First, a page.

(Apologies to Dave Loggins)

    1. David Greenwald

      A lot of people believe that there are some who need to be in prison for the rest of their lives, but most don’t, and by having a life with parole sentence, you can make the determination later rather than at the time of sentencing.  Some of these people are literally kids when they get sentenced, they come from horrible backgrounds, and they end up spending decades in prison, many of them turn their lives around.  That’s the thinking behind getting rid of LWOP.

      1. David Greenwald

        For example, why does Leslie Von Houghton still need to be in prison in her 70s for a crime she committed at 19?  (She’s not LWOP but that case came to might).

        1. Ron Oertel

          For example, why does Leslie Von Houghton still need to be in prison in her 70s for a crime she committed at 19?

          Systemic racism?  😉

          Though now that I think about it, there was kind of a hate-crime element from their leader, I guess.

        2. Bill Marshall

          Politics, and family members of victims still alive…

          NorCal rapist why should he be incarcerated at all?  58, no rapes in a decade… how likely is he to re-commit… yet sentenced to ~ 900 years… when he turns 70, should he be released?  78?

          Or, could he be truly innocent, and/or wrongly accused?  Procedural errors?

          That is the kind of situation you should address, David… you champion articles as to factual innocence, wrongly accused, prosecutial excesses/errors/malfeasance…

          What about an opinion on Waller?  A man who is proposed to be sentenced to 900+ years… justice?

          Anything ‘restortative’ here?

          1. David Greenwald

            The problem in the case of Waller is that he escaped capture for a lengthy time. But does he need to die in jail long after a point where he is no longer a threat – I think there is a good argument to be made there, but it’s hard to argue he should not have any punishment.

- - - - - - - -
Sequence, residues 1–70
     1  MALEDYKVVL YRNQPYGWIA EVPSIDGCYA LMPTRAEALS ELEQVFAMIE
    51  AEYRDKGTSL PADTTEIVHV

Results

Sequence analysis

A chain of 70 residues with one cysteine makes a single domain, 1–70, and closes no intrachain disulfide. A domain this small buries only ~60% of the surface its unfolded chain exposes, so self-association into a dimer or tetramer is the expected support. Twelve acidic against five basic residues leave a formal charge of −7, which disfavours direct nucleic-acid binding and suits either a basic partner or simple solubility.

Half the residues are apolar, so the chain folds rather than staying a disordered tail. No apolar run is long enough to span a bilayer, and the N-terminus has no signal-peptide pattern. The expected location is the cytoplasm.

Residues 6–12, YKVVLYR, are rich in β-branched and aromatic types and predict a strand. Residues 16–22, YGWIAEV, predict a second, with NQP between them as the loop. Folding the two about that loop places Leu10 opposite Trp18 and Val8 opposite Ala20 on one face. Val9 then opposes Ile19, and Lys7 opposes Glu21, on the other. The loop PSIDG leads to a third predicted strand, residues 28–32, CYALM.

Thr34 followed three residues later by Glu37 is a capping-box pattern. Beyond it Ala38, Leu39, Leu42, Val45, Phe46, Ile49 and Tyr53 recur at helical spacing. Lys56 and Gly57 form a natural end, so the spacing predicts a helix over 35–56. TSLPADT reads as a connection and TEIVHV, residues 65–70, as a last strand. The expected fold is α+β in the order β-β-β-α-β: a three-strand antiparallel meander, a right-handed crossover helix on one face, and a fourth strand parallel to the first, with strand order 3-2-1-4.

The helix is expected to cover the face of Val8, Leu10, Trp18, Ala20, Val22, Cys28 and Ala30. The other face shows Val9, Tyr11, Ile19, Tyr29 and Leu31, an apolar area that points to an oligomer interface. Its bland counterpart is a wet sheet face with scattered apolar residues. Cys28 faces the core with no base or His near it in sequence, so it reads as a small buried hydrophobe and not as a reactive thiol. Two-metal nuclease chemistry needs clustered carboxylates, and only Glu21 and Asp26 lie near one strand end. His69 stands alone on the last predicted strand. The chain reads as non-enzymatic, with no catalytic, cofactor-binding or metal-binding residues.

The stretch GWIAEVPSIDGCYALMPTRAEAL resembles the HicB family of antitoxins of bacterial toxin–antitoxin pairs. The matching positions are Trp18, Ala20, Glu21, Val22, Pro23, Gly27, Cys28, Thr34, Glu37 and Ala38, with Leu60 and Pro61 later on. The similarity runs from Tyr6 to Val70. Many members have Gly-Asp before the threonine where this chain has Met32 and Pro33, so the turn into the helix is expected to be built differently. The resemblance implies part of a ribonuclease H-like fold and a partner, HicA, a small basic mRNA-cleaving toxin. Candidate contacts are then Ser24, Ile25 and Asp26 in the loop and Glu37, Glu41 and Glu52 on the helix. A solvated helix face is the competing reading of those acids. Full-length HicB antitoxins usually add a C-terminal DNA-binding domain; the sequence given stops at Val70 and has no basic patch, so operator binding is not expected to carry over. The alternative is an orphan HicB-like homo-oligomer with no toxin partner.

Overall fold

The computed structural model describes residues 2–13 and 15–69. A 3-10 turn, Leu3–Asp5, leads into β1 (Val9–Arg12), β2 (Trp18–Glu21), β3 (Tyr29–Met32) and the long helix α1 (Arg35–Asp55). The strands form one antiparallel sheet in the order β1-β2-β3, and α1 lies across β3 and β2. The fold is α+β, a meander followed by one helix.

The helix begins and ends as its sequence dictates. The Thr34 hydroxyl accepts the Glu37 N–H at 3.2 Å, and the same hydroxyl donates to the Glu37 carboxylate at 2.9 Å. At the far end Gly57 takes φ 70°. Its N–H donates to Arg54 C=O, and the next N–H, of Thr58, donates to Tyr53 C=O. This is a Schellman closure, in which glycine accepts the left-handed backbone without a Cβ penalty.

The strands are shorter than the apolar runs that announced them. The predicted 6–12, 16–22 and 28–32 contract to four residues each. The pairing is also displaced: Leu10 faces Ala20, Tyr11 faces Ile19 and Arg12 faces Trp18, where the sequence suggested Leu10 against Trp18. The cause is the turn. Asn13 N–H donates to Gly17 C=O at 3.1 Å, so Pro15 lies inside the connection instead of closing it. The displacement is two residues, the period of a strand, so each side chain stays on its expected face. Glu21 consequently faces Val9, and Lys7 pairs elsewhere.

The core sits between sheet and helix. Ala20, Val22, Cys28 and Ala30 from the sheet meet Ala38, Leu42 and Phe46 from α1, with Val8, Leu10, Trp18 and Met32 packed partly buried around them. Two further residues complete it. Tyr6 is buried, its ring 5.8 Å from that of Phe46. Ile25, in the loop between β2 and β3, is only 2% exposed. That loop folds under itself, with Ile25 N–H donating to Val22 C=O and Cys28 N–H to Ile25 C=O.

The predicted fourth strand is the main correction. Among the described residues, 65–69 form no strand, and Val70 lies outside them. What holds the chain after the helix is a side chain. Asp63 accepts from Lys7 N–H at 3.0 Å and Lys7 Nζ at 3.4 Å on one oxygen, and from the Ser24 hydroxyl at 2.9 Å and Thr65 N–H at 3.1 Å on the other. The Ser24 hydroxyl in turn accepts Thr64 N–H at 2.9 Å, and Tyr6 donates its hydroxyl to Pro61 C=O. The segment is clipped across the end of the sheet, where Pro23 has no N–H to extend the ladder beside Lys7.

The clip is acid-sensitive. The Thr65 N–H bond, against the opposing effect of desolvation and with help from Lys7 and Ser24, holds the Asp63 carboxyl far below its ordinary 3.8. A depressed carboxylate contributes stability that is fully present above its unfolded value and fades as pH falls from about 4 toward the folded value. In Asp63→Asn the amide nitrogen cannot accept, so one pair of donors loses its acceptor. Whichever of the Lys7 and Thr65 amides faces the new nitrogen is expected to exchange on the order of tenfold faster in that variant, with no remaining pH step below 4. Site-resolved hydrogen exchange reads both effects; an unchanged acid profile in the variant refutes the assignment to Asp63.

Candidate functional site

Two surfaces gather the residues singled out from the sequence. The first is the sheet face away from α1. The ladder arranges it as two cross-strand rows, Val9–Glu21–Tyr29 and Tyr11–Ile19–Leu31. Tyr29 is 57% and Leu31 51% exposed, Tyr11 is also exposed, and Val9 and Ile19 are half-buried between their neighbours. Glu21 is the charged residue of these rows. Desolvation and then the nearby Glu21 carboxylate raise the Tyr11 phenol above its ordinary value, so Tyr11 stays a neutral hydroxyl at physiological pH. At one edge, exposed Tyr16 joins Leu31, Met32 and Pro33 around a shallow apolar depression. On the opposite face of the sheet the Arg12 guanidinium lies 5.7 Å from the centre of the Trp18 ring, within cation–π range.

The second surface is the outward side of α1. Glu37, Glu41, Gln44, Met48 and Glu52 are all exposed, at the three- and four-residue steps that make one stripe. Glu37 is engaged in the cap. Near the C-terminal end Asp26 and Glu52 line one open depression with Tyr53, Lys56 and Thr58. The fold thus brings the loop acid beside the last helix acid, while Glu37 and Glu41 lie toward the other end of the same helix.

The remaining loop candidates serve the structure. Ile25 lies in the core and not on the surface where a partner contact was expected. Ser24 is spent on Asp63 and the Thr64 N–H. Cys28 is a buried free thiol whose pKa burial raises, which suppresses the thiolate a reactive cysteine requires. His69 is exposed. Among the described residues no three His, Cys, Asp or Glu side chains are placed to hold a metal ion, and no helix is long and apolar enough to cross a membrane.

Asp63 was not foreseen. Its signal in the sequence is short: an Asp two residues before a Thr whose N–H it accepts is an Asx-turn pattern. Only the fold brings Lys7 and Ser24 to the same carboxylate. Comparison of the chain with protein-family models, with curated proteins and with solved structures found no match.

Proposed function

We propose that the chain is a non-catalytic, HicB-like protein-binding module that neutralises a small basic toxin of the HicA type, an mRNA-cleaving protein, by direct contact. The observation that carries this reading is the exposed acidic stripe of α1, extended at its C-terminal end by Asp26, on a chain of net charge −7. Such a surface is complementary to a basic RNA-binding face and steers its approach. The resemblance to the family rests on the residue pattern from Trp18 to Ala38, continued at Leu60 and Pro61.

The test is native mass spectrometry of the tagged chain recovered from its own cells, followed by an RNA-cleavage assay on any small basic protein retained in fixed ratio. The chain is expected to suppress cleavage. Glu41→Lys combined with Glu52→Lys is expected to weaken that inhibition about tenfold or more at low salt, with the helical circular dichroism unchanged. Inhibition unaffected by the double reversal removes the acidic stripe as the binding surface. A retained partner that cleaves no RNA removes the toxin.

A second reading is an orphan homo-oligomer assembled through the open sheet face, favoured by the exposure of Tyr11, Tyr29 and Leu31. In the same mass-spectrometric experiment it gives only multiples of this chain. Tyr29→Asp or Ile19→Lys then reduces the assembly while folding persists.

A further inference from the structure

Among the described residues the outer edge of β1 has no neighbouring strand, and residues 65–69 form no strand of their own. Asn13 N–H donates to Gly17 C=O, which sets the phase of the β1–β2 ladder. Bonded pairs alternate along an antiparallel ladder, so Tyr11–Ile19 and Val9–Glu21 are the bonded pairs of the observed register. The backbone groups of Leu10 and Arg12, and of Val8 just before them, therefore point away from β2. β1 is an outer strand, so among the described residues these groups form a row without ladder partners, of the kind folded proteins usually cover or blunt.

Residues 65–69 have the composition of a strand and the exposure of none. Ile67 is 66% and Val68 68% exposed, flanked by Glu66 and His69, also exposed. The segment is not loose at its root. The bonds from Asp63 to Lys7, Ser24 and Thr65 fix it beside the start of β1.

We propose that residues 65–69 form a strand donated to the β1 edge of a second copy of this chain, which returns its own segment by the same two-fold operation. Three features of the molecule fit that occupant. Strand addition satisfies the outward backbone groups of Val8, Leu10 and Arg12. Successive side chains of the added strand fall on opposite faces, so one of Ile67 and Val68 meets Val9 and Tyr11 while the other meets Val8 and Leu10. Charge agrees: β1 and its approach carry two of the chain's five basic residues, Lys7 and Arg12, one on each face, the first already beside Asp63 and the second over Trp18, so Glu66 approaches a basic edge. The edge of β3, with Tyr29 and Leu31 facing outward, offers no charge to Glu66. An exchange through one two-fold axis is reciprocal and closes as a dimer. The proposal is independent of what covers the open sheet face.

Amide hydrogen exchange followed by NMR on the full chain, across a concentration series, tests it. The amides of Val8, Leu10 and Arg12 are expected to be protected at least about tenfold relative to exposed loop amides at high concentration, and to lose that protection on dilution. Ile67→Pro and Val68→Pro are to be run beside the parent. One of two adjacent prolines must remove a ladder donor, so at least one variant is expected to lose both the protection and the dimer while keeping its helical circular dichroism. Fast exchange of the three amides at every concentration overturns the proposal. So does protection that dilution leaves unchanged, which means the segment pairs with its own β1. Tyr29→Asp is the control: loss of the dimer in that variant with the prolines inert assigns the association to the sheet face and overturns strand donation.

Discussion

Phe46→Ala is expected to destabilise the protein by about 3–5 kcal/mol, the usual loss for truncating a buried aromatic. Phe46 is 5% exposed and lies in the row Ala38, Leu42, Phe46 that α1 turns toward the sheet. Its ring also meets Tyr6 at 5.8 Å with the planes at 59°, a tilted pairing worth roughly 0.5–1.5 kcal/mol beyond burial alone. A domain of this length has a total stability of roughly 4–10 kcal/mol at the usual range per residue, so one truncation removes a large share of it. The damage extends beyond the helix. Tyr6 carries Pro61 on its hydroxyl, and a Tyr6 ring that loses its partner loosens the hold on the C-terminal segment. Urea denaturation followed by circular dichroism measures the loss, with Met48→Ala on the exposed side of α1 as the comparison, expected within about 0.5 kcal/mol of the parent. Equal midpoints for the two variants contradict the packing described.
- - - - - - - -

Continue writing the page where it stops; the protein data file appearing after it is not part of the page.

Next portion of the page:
3. Alan Miller

          Though now that I think about it, there was kind of a hate-crime element from their leader, I guess.

          Kind of a hate crime element?  Manson had the victims killed in order to try and start a race war between the black and white races.  That’s another level hate crime above referring to a virus by its country of origin.


        4. Alan Miller

          For example, why does Leslie Von Houghton still need to be in prison in her 70s for a crime she committed at 19?

          Lulu held down Rosemary La Bianca while Tex and Katie stabbed her to death, then stabbed La Bianca a bunch of times herself.  That’s pretty much a horrific first degree murder.  Also, Sharon Tate’s sister doesn’t want any member of the Manson Family released, and I think victim’s family members (or should I just say victims, also) should have a pretty big say.

          (She’s not LWOP but that case came to might).

          Aren’t the altered death sentences for the Manson family members all LWOP?  Or did she get convicted after the change as her trial was delayed?

          1. David Greenwald

            No, she’s been granted parole by the board several times including this year and had the governor overrule it. Manson himself was eligible for parole but denied dozens of times.

        5. Alan Miller